****Make sure all connections are grounded. If this is a new well you have to let it run open discharge to remove all trash.****

  • Good luck and remember this is not "rocket science"
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Tools and extras,

1:  1\2" close end wrench. Butane torch, fillips and flathead screw driver, wrench for up to 1-1\4" pipe. Crimper tool for butt splices. Utility knife(be careful not to cut into any electrical cable when peeling back the jacket of the electrical cable).

Pump installation

2:  Remove pump and motor from boxes .Remove cable guard from pump and Attach pump to motor. Pump flange matches perfectly to motor. Spin shaft in order for splined coupling to slide on to shaft. Look for (4) ss nuts , screw on and tighten. Re-attach the cable guard.

3:  Screw on ss barbed male adapter to pump discharge(use TEFLON tape).

4:  SEE ILLUSTRATION Look for a set of heat shrink tubes with butt splices. Peel flat electric(green wire side in order to not cut into the red, yellow or black wires) cable jacket back about 8" then separate the wires and remove about 3\8" PVC covering from wire end in order to attach butt splice. Use a crimper or pressure pliers and tighten . Slide on heat shrink. One on each wire. Wires are colored coated. Follow color code. Slide the yellow wire from motor onto yellow wire from electric cable and crimp(make sure you slide on heat shrinks first). After cables are attached slide heat shrink over butt connector and with a butane torch heat the shrink all the way around from the center out. Torch should be about 8" away in order not to burn wire or shrink tube. After you reach the ends a wax should ooze out. After tubes cool wrap each wire 3 times about 8" long back and forth.

5:  If you are using the poly pipe attach it onto the barbed connector(if 's tight slightly heat the end of the pipe in order to slide on the tubing and it should go on tight). Cut pipe straps and extend roll of pipe on ground. Attach safety rope onto pump hook or holding hole located on discharge of pump.

6:  Install torque arresters(As many as you like but we recommend a min. of 2, one right above pump and the other about 20 foot above the first one. Squeeze the torque arresters from top to bottom in order to achieve the diameter of well casing. ) , they are used for centering pump. Make sure you do not clamp the electric cable or rope with the torque arrester clamps, run electric cable and rope outside of clamps.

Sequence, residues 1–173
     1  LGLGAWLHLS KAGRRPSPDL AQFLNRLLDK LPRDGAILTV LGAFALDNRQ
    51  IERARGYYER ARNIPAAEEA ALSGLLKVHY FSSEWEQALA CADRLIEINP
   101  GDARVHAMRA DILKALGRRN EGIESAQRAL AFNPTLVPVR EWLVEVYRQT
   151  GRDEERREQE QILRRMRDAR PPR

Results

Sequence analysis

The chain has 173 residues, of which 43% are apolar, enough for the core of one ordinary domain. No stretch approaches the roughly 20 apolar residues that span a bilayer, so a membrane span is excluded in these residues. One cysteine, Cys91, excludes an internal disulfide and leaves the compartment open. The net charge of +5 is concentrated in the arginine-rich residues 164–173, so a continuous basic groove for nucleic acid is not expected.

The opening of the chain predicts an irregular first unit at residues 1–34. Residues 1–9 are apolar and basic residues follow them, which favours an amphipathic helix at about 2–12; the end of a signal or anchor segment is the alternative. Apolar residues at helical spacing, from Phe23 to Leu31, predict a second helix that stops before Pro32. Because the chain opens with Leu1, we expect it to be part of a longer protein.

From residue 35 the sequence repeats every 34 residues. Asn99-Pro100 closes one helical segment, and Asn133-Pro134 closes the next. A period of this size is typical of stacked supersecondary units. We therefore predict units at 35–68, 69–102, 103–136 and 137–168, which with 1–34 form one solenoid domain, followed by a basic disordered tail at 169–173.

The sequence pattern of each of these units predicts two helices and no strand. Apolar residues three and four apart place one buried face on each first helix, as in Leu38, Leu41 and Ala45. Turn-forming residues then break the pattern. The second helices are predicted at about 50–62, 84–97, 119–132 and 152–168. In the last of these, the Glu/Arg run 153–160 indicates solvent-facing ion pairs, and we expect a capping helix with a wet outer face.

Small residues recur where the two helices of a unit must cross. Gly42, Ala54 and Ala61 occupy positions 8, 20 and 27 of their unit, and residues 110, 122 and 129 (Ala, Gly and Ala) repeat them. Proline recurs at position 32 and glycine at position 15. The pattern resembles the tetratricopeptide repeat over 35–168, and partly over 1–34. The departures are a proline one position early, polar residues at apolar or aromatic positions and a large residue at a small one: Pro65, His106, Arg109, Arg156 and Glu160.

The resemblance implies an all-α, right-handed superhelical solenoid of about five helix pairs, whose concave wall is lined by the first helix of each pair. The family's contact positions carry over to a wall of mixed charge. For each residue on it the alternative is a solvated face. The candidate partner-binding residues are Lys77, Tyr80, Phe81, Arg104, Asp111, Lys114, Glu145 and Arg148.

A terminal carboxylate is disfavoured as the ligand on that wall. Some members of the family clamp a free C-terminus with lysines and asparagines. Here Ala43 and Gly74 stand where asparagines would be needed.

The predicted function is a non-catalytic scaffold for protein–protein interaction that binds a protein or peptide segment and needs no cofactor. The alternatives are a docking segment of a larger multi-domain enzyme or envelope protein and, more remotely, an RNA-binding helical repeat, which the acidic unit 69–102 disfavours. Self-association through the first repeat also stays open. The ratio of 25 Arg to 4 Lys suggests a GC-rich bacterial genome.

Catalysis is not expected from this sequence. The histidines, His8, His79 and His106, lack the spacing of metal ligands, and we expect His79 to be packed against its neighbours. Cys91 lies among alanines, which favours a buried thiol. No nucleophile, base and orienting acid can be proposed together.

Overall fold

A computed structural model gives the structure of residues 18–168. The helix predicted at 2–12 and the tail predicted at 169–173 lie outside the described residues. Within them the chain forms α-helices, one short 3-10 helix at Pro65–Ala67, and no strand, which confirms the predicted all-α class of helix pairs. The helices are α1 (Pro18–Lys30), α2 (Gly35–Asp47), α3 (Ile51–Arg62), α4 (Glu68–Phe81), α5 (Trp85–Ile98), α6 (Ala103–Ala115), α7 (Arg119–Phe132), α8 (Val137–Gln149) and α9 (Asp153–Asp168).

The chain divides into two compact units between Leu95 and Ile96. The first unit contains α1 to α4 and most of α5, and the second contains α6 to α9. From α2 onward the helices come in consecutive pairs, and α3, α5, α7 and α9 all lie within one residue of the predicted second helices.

7:  Tape the wire and the safety rope with PVC black tape every 5 to 10 feet along total run of the pipe.

8:  Attach your barbed male adapter to pipe connector end(if 's tight slightly heat the end of the pipe in order to slide on the tubing and it should go on tight) and screw on to galvanized nipple. Slide nipple through well seal and screw on galvanized tee (use TEFLON tape on all threads). Pull electric cable through hole in well seal, pull rope through hole in well seal and attach to your tee or any solid object.

9:  Install the pump into well with help of a friend or two. Slide your pump down hole.

10:  Well seal should slide onto to casing and it should hold your pump.

11:  Use galvanized pipe for above ground installations to make your tank connections.

12:  Use a brass tank tee to make your job easier . The tank tee comes with (2) ports 1\4" fpt (for pressure gage and pressure switch to be attached accordingly) and one 3\4" port(for hose bib, faucet) and three 1-1\4" ports for main plumbing hook-up.

13:  Attach electric cable to control box(follow the color codes). Then run your 230 volt power line(L1,L2) to your pressure switch (follow diagram on pressure switch). Then run your power line from pressure switch to control box(attach control box to grounded pole).

****Make sure all connections are grounded. If this is a new well you have to let it run open discharge to remove all trash.****

  • Good luck and remember this is not "rocket science"